~KHJ Los Angeles!~ Portions of the day's programming are reproduced by means of electrical transcriptions or tape recordings.
You can hear the music on the AM radio
The VCR and the DVD
There wasn't none of that crap back in 1970
We didn't know about a World Wide Web
It was a whole different game being played back when I was a kid
Wanna get down in a cool way
Picture yourself on a beautiful day
Big bell bottoms and groovy long hair
Just walkin' in style with a portable CD player
No, you would listen to the music on the AM radio
Yeah, you could hear the music on a AM radio

Art Alexakis of Everclear pretty much sums it up with “AM Radio.” Another thing that is impossible for me to effectively explain to the youngsters – the HUGE importance of the radio in my life, and for so many others, too. There were fewer links to each other then, fewer ways to hook into the collective. I got my first transistor radio on my 2nd birthday. It was my best thing, a magic little red-and-gold box where I could spin the dial back and forth and the world would come right to me. I figured out where the pop stations were, took my little baby fingers and slowly, carefully, tuned…it…in. WOKY, The Mighty 92! The Beatles owned it all then.

I'd be in bed with the radio on
I would listen to it all night long
Just to hear my favorite song
You'd have to wait but you could hear it on the AM radio
Yeah, you could hear the music on an AM radio

The most exciting time was dusk. Some of the stations would sign off for the day, then the AM signals would go into free-for-all, and depending upon the time of the year and the weather, you would pick up stations from all over the country, which just thrilled me to no end. WLS was the big boy from Chicago, so I always got that in, but at night some of the 50,000 watt powerhouse stations would drift in and out, and who knows what else. I’d hear the famous DJs from New York City, funny call letters from Canada and Mexico, country music from Tennessee or Louisiana, sometimes one of the “K” stations from the Wild West. My mind would float out into the night sky, trying to ride the waves, closing my eyes, feeling the connection between me, the music, the spinning records, the people who sat and played the music, for me.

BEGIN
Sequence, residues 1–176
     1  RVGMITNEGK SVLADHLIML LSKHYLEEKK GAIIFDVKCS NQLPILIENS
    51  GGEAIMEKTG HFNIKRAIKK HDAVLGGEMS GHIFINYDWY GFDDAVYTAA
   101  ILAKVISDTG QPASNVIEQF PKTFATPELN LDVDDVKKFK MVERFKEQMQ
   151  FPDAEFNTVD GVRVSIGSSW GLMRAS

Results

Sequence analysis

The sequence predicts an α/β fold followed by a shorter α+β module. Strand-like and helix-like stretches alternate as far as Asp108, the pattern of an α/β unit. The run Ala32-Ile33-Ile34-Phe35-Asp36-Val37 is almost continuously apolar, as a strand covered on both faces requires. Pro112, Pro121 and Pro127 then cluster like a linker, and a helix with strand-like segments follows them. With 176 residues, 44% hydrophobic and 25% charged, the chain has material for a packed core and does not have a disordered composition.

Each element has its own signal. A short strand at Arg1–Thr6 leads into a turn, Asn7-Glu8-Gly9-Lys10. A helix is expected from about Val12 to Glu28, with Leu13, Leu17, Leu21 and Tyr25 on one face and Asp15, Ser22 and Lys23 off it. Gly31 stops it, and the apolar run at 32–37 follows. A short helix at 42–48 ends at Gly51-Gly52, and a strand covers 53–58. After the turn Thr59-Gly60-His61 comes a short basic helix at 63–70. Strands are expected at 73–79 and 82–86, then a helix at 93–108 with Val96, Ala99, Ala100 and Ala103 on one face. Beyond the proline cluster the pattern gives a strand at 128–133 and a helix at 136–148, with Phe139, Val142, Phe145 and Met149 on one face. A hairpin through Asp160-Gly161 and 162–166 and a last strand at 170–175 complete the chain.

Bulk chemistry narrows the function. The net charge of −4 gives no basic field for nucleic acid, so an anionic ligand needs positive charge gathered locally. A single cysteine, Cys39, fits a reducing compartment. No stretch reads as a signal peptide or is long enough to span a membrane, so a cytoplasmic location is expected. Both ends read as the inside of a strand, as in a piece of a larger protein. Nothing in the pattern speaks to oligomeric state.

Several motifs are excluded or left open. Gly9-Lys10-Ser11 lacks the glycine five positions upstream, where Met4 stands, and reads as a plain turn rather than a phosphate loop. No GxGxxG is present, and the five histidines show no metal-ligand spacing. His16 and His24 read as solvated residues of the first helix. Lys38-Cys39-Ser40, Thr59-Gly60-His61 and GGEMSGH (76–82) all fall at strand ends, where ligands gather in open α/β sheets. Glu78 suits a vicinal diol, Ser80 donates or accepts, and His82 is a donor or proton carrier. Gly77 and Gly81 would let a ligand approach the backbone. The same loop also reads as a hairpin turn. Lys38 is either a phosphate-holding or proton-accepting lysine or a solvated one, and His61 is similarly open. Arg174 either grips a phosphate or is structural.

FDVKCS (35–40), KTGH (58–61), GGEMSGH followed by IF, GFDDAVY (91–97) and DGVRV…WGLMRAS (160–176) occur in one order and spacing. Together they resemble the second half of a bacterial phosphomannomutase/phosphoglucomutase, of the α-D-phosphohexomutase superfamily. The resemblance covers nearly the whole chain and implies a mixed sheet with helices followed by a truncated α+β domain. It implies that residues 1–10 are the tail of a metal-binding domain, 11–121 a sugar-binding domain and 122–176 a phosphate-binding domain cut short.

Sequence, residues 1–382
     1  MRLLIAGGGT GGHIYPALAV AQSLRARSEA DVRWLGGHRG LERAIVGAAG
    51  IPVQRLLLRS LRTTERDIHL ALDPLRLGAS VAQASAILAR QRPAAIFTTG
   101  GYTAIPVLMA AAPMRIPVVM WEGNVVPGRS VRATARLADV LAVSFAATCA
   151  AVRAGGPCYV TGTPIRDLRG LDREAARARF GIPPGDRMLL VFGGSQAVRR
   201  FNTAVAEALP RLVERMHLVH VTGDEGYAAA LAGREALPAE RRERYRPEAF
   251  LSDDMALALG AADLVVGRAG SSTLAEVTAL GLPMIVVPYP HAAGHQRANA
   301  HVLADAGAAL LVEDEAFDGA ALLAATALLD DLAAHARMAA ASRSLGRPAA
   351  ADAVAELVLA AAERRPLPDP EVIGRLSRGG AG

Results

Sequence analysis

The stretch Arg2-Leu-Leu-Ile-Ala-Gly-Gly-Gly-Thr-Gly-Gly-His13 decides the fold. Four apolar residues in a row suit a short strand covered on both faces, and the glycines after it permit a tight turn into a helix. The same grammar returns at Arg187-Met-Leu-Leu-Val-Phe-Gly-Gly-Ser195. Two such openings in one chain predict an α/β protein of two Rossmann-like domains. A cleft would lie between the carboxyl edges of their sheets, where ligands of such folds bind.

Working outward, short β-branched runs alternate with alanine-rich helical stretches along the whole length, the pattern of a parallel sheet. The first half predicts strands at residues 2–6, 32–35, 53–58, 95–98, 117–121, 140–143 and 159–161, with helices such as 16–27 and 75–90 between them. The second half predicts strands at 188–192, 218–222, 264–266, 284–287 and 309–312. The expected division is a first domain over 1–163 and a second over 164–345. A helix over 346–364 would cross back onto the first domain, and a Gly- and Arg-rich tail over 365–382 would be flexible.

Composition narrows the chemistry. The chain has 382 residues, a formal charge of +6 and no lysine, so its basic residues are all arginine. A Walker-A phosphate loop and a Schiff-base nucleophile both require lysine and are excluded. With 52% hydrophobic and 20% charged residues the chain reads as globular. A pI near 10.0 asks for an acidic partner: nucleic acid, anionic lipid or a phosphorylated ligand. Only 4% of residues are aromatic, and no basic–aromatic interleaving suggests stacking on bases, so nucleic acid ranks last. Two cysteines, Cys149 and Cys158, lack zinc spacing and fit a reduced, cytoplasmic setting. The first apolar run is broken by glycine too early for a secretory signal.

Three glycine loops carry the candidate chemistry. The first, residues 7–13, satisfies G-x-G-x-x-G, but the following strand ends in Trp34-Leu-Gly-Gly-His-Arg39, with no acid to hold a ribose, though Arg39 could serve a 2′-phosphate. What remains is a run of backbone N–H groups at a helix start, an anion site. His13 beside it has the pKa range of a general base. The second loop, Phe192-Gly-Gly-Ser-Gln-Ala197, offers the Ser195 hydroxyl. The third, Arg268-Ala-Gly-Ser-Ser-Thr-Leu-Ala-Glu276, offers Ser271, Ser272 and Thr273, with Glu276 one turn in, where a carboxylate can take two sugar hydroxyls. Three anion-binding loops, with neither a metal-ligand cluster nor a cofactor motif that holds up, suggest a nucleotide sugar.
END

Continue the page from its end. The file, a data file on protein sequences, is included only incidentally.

Things changed back in '75
We were all growing up on the in and the outside
We got in trouble with the police man
We got busted gettin' high in the back of my friend's van
I remember 1977
I started going to concerts and I saw the Led Zeppelin
I got a guitar on Christmas day
I dreamed that Jimmy Page would come from Santa Monica and teach me to play
Teach me to play...

By this time, AM radio was burnt and fried. Nothing can keep that kind of energy going, and as the industry changed, the music changed, Top 40 tightened to Top 20, and pop turned to schmaltz. Again. FM radio, at one time the haven of classical music with serious, droning DJs, switched over to Rock (as opposed to Pop), and the growing, changing audience went there. The serious, droning DJs stayed. Stereos instead of transistor radios, long album cuts instead of singles, laid-back instead of frenetic. I went, too.

Over the years, radio was eaten alive by corporate playlists, the FCC, music industry greed, and listener apathy. Terrestrial radio is now, more or less, a wasteland of dull talk radio, manic Spanish-language stations, bloated and aging NPR programs, computer-generated Oldies, and pop stations that play song after song after song from “artists” groomed to sound exactly like the last one who made a profit for the office dudes.

Well I never pray
But tonight I'm on my knees yeah
I need to hear some sounds that recognize the pain in me, yeah
I let the melody shine, let it cleanse my mind, I feel free now
But the airwaves are clean and there's nobody singing to me now.

--Richard Ashcroft, “Bitter Sweet Symphony”

The revolution, or maybe the revision, is occurring now on satellite radio: XM and Sirius. If you loved radio, go there. Whatever you loved about it lives there, somewhere. For me, it is worth the money to pay the subscription, buy the equipment, to feel like those of us who really cared about the music, cared about sharing it, have a place to be. Connect.